SIGGRAPH 2017: Back Again, But For How Long?

Posted By David Blumenfeld on August 02, 2017 06:33 am | Permalink
After a year away, SIGGRAPH is back in Los Angeles, and once more, I'm fortunate enough to spend a few days checking out the latest tech, production recaps, and other highlights those in the visual effects, animation, and computer graphics fields have to offer. I couldn't come to the show on Sunday due to prior obligations, but was happy to start my week off here.

Attending provides me an opportunity to immerse myself in the latest trends and techniques, all of which I share with the artists I work with, while providing great value for the company where I practice my craft. For any of you who have been here in the past, you'll remember the little ribbons along the bottom of your badge, indicating some form of your qualifications, access level, and other special merits. I learned today that the "pioneer" ribbon is exclusively for those who have attended the show for 20 years or more. Personally, I've been in this field more than long enough to qualify, but I didn't start going to SIGGRAPH until the early 2000's, so it'll still be a while before I get that, but I'm not so sure the show will be around long enough for that to happen.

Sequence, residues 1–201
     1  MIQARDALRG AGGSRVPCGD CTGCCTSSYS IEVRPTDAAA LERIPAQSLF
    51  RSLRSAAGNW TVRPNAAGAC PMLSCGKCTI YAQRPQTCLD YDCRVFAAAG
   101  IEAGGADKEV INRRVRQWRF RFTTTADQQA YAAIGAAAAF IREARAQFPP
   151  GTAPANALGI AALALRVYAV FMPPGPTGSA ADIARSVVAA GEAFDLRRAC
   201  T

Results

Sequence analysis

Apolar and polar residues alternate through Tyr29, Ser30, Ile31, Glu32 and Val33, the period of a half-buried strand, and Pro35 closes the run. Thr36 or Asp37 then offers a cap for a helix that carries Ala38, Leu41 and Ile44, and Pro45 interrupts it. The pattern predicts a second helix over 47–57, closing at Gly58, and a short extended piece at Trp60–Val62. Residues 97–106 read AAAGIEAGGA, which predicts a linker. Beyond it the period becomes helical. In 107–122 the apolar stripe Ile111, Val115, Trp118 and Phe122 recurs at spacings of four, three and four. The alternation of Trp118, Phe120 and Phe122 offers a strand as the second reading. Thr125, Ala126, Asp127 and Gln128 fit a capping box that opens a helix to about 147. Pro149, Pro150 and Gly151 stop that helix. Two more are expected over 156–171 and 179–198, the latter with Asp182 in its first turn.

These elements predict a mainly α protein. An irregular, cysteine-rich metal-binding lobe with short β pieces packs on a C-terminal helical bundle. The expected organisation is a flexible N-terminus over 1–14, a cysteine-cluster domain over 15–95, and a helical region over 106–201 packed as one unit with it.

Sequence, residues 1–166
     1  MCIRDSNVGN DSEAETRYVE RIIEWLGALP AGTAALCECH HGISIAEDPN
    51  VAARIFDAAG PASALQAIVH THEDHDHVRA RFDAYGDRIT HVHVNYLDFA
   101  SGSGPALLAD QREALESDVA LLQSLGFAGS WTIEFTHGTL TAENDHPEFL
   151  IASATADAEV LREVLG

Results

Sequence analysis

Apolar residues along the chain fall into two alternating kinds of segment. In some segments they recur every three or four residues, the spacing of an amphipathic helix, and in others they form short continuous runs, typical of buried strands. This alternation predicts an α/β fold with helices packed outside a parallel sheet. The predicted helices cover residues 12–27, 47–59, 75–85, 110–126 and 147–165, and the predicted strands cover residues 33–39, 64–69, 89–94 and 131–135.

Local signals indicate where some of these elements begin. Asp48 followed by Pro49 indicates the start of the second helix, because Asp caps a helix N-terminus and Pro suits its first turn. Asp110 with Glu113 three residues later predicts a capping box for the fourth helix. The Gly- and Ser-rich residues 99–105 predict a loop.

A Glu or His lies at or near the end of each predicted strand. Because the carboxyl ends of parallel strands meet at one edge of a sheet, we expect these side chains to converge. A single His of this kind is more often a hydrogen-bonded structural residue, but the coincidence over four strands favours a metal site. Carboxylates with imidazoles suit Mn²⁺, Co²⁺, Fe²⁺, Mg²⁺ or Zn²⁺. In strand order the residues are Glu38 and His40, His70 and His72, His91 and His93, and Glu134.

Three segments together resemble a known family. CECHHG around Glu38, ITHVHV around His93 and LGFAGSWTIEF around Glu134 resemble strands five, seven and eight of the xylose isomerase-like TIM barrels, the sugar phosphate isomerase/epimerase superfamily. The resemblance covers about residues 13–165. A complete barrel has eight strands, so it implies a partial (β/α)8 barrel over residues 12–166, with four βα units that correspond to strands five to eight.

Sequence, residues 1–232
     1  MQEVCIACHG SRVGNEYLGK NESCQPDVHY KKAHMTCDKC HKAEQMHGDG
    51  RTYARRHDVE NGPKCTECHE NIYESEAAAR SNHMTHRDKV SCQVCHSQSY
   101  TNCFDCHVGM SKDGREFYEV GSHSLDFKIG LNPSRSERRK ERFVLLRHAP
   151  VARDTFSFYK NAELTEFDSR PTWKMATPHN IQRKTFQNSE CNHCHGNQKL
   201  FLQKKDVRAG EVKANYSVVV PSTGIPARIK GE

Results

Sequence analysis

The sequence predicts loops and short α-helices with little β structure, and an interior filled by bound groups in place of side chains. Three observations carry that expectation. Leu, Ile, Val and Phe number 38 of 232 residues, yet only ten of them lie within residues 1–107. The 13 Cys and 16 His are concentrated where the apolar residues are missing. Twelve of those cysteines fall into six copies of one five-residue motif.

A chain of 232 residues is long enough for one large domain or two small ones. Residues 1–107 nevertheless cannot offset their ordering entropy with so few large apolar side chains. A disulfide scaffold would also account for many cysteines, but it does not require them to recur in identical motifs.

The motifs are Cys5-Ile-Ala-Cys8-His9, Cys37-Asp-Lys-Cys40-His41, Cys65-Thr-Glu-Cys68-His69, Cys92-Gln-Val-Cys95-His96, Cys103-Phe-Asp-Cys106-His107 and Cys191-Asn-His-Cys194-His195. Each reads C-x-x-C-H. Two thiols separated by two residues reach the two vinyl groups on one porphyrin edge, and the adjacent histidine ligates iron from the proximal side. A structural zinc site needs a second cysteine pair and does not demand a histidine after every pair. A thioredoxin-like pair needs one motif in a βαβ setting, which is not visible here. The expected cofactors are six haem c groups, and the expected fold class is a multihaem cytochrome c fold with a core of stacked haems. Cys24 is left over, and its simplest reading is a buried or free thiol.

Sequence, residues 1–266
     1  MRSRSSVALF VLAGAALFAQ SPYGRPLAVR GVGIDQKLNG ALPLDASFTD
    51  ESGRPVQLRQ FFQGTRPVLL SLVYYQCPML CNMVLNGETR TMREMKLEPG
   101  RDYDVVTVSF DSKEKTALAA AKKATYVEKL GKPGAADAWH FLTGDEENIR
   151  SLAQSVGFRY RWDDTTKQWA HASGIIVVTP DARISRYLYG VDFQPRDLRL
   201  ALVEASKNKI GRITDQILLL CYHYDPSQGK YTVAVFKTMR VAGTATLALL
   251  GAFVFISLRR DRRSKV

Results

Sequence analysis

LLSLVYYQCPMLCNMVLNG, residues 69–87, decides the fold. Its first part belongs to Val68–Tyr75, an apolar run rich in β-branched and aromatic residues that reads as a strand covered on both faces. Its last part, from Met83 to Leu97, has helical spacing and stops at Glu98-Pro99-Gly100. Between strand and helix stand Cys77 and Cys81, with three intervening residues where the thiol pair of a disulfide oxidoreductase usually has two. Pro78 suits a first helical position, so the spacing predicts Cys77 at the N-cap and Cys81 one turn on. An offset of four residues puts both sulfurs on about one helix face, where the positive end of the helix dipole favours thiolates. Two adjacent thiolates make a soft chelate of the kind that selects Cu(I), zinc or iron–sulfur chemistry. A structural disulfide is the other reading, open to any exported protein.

In years past, I've talked about how the expo floor seems to have less company presence each time and how attendance seems to be down from prior shows, but never has it seemed so pronounced to me as it has this year. I always park in the West Hall of the Los Angeles Convention Center, as it gives me convenient access to the 110 Freeway entrance at the end of the day.